Tensions That Never Change: Review of Theodore Wheeler’s On the River Down Where They Found Willy Brown

On the River Down Where They Found Willy Brown
Theodore Wheeler. Edition Solitude, $3.50 chapbook (50p) ISBN: 978-3937158877

In Theodore Wheeler’s debut chapbook, On the River Down Where They Found Willy Brown, readers are whisked along with the mob that dictates the racial tensions of Omaha, Nebraska in the early 1900s and the repercussions that those tensions have on all communities involved.

Willy Brown is the story of both the titular character, a black man wanted for allegedly committing a rape, as well as Karel Miihlstein, a 15-year-old German immigrant who loves baseball. Eventually their paths intersect, though not directly, and Miihlstein watches helplessly as “justice” is enacted upon Willy Brown by the mob.

Wheeler begins by painting an almost-mythic portrait of Willy Brown, humanizing yet idolizing the man who will eventually be arrested for an alleged rape. “Some of us thought a lot about who that schwarzer Mann was. That Willy Brown who did those bad things to a girl. Willy Brown wouldn’t have looked that old, but he would have felt old that year.” You are then introduced to the baseball-loving Miihlstein, and watch as he takes in the annual Fourth of July Interrace baseball game before. “Anybody who held steady in an integrated profession,” Wheeler writes, “lived and died with the Interrace game.”

Finally, the two stories begin to intertwine, as someone suggests Brown was the culprit and the mob captures him. Miihlstein and his crew follow along, watching as the police are helpless against the power of the mob.

The distance created by the narrator is the most interesting part of this chapbook. At once, you are both part of the mob and hovering above them, taking it all in, watching the chaos that ensues, cringing at their choices and the injustice that takes place. You know that the narrator is one of the German immigrants—the prose is speckled with Deutsch—but you never know who it is. At best, you can guess that it’s one of Miihlstein’s lackeys, though a lackey with prescience unknown to his comrades. There is little emotional involvement on the part of the narrator. Very much as Lewis Nordan does in Wolfwhistle, Wheeler shows the thoughts of the mob in front of you and lets you decide what to make of it.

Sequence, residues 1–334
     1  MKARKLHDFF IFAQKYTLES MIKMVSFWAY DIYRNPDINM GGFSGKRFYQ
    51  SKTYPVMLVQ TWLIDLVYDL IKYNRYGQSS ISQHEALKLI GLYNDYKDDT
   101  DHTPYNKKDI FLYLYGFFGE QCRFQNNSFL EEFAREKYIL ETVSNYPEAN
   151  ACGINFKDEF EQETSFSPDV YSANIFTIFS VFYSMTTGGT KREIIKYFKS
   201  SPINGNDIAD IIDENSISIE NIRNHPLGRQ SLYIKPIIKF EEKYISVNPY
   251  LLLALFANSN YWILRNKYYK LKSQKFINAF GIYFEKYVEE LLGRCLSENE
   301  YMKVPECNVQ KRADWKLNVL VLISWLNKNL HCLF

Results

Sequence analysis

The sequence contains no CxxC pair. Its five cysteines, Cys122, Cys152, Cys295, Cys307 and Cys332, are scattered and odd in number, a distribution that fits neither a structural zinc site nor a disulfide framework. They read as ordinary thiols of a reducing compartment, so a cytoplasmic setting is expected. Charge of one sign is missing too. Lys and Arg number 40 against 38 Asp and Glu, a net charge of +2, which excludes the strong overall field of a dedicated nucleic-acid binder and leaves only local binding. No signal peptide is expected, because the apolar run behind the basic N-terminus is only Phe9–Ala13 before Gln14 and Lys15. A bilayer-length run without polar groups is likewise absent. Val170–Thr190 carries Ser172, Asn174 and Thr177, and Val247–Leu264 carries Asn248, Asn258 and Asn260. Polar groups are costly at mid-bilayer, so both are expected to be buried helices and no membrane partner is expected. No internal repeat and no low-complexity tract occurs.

Willy Brown is over almost as soon as it starts, and that’s a shame. The prose carries you along until the inevitably sad end. Like with any good work of literature, you are left wanting more.

On the River Down Where They Found Willy Brown manages to take readers back in time while staying incredibly topical for this day and age. The issues at play in the story are the same ones igniting protest across the country today. Willy Brown is as much a testament to Wheeler’s prose control as it is a comment on just how far we haven’t come as a nation in the century since the story took place. (February 2015)

Purchase On the River Down Where They Found Willy Brown HERE.

Reviewer bio: Sam Slaughter is the author of the chapbook When You Cross That Line, the forthcoming short story collection God in Neon, and the forthcoming novel Dogs. He is the Atticus Book Review Editor and can be found online at www.samslaughterthewriter.com and on Twitter @slaughterwrites.